English author of devotional books; place and date of birth unknown; d. before the end of Queen Mary's reign (1559). He was of an ancient Flintshire family, was admitted to Queen's College, Cambridge, in 1498, held various offices (dean of the chapel, bursar) there, and was appointed chaplain to Bp. Richard Foxe of Winchester c. 1504. About 1507 he entered the Bridgittine monastery of Syon at Isleworth, Middlesex (see brigittine sisters), remaining there until its dissolution in 1539, when he retired on a pension to the household of the Mountjoys. He had accompanied William Blount, Lord Mountjoy, on a five–year study period in Europe, where he made the acquaintance of Erasmus. He was a friend of Thomas more, whom he is reputed to have encouraged in resisting Henry VIII's demands. Whitford bravely withstood the suppressive activities of T. Bedyll when that royal agent visited the monastery in 1535.
No less than 19 works have been attributed to Whitford. These, which he often refers to as being written by "the Wretch of Syon," run from The fruyte of redempscion (1514) to Of Detraction (1541), and include the famous Jesus Psalter (see prayer books; psalter). His most famous work, however, is his translation (c. 1531) of the imitation of christ, under the title The folowyng of Cryste. This is the earliest English version and in many ways the most stylistically beautiful of all versions. Its edition by E. J. Klein (New York 1943) marked a new epoch in studies of the great book and its authorship.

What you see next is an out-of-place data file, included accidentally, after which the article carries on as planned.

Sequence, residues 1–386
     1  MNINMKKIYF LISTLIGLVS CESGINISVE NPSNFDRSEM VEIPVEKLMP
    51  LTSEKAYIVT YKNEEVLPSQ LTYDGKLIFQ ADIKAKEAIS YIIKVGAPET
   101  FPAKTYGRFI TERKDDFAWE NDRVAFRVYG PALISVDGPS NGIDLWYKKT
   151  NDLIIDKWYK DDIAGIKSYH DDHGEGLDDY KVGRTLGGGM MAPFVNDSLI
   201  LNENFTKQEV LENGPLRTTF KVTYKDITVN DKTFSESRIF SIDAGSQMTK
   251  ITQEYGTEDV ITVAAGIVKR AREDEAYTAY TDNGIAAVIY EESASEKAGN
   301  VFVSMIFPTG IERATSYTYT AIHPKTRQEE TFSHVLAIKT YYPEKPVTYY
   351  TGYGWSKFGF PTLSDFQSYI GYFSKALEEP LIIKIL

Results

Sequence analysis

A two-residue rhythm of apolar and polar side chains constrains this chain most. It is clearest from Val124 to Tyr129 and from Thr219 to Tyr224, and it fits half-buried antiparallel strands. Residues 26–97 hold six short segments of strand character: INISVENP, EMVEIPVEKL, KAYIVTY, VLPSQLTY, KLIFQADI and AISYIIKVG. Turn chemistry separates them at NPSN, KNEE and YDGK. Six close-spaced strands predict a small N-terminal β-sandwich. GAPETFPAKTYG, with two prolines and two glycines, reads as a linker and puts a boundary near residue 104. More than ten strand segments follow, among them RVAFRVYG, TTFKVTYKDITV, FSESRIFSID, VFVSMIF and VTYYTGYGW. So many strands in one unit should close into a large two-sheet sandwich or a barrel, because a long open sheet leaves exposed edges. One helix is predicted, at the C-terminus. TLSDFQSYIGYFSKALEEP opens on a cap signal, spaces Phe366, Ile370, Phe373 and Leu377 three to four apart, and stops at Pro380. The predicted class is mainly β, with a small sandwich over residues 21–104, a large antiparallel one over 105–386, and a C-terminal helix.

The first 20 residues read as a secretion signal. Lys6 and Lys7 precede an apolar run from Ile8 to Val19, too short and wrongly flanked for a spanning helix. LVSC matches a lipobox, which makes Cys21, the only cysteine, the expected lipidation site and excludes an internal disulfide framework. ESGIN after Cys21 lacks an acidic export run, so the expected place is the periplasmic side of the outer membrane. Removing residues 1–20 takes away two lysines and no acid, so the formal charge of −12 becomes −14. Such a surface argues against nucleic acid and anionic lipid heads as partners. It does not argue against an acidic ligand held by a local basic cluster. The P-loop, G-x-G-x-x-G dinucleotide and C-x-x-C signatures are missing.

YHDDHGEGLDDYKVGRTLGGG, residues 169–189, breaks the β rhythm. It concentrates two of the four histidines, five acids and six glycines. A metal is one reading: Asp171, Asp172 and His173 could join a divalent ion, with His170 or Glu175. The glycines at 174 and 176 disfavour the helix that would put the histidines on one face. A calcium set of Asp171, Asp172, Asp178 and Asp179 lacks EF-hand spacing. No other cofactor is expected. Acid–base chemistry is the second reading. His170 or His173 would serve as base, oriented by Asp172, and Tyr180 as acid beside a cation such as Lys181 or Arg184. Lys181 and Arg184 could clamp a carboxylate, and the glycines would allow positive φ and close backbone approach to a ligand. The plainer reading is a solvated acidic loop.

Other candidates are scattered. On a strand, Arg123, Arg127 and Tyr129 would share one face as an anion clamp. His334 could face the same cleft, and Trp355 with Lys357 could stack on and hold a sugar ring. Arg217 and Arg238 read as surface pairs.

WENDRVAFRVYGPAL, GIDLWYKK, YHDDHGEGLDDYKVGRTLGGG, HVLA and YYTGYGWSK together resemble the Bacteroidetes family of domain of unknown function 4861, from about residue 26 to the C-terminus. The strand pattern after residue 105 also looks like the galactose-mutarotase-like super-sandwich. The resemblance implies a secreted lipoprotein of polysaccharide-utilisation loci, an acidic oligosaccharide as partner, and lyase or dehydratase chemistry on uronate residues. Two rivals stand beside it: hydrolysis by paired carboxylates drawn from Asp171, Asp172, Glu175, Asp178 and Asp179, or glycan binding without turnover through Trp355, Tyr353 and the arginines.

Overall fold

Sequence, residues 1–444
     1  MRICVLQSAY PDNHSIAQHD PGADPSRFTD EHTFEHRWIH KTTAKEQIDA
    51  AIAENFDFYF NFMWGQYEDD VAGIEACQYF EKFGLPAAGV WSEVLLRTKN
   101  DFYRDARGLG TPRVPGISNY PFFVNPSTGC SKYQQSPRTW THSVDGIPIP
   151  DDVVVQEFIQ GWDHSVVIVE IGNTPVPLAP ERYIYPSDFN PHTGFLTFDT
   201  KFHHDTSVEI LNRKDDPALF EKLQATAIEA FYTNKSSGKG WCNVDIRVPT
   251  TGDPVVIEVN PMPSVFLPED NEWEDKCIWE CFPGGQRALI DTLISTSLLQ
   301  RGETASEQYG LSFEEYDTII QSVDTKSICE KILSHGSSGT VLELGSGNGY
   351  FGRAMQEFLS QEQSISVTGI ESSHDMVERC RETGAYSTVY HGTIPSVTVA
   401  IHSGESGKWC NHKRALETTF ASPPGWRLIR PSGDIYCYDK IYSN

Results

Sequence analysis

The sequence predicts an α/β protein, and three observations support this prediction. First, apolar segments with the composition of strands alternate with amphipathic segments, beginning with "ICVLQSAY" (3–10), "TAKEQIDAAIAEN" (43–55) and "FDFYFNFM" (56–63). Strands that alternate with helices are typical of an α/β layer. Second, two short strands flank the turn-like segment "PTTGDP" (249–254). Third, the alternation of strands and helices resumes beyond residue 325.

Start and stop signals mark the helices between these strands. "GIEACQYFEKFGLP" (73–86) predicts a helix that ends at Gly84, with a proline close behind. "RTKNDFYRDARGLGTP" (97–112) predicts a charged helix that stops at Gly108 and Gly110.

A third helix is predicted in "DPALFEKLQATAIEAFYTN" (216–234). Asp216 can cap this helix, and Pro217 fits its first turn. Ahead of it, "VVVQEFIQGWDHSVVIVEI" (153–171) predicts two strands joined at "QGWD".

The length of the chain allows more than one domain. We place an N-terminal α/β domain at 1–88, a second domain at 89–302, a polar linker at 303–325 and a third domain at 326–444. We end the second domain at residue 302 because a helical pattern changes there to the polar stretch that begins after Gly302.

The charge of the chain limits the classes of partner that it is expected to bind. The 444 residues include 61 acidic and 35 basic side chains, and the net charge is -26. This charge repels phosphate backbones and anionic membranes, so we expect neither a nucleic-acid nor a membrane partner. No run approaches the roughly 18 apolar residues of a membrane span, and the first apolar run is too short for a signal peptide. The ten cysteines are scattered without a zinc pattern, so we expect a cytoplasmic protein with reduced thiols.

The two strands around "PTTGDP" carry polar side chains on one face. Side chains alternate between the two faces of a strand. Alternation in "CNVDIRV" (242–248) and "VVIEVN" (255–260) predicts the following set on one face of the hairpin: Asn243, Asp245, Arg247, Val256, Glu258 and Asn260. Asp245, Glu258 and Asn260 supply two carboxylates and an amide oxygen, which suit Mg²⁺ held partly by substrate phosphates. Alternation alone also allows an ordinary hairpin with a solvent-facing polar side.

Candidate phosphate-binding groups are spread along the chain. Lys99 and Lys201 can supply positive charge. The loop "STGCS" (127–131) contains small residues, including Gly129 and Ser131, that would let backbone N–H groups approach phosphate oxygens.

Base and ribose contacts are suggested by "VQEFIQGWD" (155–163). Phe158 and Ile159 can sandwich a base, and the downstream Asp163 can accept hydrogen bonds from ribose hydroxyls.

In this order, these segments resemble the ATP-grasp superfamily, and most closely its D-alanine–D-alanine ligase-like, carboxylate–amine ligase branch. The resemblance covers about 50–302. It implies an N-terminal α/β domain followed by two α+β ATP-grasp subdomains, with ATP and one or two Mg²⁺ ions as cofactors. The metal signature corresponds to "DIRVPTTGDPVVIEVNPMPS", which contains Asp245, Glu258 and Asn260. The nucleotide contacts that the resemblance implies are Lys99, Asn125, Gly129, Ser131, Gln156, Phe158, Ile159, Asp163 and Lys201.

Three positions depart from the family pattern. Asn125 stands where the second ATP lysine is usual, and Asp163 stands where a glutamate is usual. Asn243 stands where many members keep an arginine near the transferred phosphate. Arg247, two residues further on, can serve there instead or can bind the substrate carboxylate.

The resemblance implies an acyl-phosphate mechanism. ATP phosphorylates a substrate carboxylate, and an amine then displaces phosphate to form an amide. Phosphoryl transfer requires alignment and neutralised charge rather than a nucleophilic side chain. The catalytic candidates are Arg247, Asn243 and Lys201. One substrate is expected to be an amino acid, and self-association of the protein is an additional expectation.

Bibliography: a. b. emden, Biographical Register of the Scholars of the University of Cambridge before 1500 635. j. gillow, A Literary and Biographical History or Bibliographical Dictionary of the English Catholics from 1534 to the Present Time 5:581–582. thomas À kempis, The Imitation of Christ, ed. h. c. gardiner (New York 1955), modernized version of Whitford's tr. with introd. treating Kempis and Whitford.
[h. c. gardiner]